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Big Mac's Impersonation of Mota Will Do in a Pinch

October 06, 2000|ROSS NEWHAN

ST. LOUIS — It isn't that Mark McGwire comes to this pinch-hitting business cold. After all, he noted, he grew up in the Los Angeles area watching Manny Mota with the Dodgers, the best. Now, McGwire said with a laugh and a wink Thursday, "I'm the pinch-hitter extraordinaire. I'm Manny Mota."

McGwire, of course, might never attain Mota's consistency--and isn't interested in trying after the current postseason--but Mota probably never came off the bench to hit one as far as McGwire did Thursday, delivering a pinch-hit homer to dead center off Mike Remlinger in the eighth inning, the final icing on the St. Louis Cardinals' 10-4 victory over the Atlanta Braves in Game 2 of their division series.

McGwire, sidelined by tendinitis in his right knee and possibly facing surgery when the season ends, had pinch-hit in the eighth inning of Tuesday's opener and was ordered intentionally walked by Atlanta Manager Bobby Cox. The Braves trailed by two runs at the time. On Thursday, the Braves were down by five and Cox saw no harm in pitching to Big Mac, who promptly reminded him that discretion should always come before valor. The homer electrified the Busch Stadium crowd of 52,389, as well as the Cardinal bench.

It even pleased McGwire, who ended up with 32 regular-season homers in 236 at-bats, having made his last start at first base on July 6.

"Unfortunately, I have to get my five at-bats in one now, but the way I look at it, two months ago I didn't think I'd be able to do anything," he said.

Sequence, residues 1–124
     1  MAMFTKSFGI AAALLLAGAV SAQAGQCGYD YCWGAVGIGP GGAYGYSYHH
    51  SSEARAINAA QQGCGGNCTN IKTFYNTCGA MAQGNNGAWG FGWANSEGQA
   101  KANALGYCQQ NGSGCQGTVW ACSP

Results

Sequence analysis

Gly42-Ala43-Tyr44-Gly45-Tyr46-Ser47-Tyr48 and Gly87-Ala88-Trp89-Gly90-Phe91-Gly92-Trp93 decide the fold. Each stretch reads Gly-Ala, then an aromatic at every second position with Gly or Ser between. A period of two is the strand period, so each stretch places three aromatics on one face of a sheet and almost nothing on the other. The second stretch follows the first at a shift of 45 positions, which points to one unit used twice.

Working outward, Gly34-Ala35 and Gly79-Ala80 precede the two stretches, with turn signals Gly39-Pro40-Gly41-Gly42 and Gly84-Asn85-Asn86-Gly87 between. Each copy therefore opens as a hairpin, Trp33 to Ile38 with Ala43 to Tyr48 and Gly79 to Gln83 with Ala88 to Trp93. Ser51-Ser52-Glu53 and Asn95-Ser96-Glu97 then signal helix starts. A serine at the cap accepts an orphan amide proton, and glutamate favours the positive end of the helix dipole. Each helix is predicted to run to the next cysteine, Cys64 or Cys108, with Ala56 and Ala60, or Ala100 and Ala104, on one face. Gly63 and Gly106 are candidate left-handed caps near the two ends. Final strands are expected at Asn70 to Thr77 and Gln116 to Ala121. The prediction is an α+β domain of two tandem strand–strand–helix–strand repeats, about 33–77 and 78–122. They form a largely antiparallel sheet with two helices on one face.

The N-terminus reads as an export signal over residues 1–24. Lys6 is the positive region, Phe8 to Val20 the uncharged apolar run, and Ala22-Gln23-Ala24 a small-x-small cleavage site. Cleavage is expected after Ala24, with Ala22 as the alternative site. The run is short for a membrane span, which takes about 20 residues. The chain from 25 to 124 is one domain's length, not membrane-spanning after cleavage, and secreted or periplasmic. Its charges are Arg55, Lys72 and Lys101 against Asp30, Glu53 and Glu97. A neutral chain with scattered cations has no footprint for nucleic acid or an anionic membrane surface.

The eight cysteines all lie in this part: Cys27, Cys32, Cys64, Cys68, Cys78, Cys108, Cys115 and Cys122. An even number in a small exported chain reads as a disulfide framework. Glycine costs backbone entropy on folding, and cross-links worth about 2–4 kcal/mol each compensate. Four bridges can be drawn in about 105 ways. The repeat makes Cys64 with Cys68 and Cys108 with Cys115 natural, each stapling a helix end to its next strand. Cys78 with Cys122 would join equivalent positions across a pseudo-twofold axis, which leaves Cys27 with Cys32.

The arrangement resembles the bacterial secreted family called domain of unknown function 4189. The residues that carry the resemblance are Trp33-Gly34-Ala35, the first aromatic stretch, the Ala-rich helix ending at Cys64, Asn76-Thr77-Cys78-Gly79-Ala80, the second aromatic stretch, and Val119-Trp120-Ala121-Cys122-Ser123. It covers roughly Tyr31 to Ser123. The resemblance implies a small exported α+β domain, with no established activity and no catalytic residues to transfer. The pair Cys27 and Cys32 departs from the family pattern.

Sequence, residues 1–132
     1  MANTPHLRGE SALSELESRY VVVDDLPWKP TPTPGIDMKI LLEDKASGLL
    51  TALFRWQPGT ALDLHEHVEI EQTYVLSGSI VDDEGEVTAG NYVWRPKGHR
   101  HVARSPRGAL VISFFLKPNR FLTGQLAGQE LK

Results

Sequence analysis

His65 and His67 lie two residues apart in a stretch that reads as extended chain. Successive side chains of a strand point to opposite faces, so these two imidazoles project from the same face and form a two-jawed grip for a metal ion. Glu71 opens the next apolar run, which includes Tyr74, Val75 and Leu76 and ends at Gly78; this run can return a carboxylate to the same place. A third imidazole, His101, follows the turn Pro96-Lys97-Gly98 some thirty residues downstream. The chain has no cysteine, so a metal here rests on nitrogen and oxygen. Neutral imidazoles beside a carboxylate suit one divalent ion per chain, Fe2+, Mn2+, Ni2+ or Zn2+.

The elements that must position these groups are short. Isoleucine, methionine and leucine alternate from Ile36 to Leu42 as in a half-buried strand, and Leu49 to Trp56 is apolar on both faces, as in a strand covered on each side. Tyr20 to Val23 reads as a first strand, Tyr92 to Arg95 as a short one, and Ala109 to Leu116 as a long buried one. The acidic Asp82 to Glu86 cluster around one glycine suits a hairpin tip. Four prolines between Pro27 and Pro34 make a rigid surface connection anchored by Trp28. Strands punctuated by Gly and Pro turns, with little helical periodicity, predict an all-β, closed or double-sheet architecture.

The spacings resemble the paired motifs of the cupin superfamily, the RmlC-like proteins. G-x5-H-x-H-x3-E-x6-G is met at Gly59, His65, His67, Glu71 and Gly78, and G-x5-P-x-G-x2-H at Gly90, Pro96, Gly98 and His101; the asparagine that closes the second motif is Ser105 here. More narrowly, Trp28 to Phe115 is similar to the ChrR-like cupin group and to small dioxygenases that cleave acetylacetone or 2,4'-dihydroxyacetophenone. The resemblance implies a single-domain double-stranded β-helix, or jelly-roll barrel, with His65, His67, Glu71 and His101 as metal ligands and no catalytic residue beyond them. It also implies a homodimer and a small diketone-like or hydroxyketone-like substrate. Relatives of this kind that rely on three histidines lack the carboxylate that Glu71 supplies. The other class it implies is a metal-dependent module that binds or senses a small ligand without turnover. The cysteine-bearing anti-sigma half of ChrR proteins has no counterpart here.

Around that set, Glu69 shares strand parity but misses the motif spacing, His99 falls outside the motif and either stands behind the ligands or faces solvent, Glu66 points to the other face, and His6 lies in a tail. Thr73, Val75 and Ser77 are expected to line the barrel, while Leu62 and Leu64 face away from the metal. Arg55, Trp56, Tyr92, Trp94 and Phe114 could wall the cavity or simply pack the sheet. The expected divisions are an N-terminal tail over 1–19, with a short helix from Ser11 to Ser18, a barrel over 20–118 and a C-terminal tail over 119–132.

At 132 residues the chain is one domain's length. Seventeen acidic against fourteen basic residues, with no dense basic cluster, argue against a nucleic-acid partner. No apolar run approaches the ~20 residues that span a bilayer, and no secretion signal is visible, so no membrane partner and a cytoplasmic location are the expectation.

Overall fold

"Now I'm happy to be able to pinch-hit at least, and I'm having a great time watching this team play. I mean, we're playing great, doing the little things, capitalizing on mistakes, waiting for the right pitch to hit."

In the process, Will Clark continues to lessen the impact of McGwire's loss. Clark, who hit 12 homers and drove in 42 runs in 51 games after his July 31 acquisition, slugged a three-run homer off Tom Glavine in the first inning to give the Cardinals and Darryl Kile a 3-2 lead.

McGwire called Clark's acquisition the "steal of the year," then smiled and added, "Thank God he's a free agent at the end of the year or I might have lost my job. The way he's hitting our owners must be wondering why they picked up my [2001] option already."

It is doubtful the Cardinals would consider paying Clark, who is earning $5.5 million this season, to be a backup to McGwire, but that's a decision for later. On Thursday, Manager Tony LaRussa, unusually bubbly after his team took a 2-0 lead in the best-of-five series, referred to McGwire as Michael Jordan with his flair for the dramatic and the way he rises to the occasion.

"That's pretty awesome," McGwire said, "but Tony must have forgotten that I'm slow and can't jump."

And forgotten that for the time being he's more like Manny Mota.


The Cardinals, who generally start five left-handed batters and had four in Thursday's lineup, were 17-23 against left-handed pitchers this year before pounding Glavine. . . . The Atlanta lefty was 7-0 in his last eight starts against the Cardinals and had not lost to them since 1995. . . . A headline in the St. Louis Post Dispatch on Thursday that read "Ultimate Tough Guy Glavine Brings Control to Mound Today" was circled in black and posted on a wall in the Cardinal clubhouse. . . . Kile's seven strong innings followed his 5-0 September.


Game 1: St. Louis 7, Atlanta 5

Thursday: St. Louis 10, Atlanta 4

Saturday: St. Louis (TBA) at Atlanta (TBA), 10 a.m., ESPN

* Sunday: St. Louis at Atlanta, 10 a.m., ESPN

* Monday: Atlanta at St. Louis, TBA

* If necessary All times PDT

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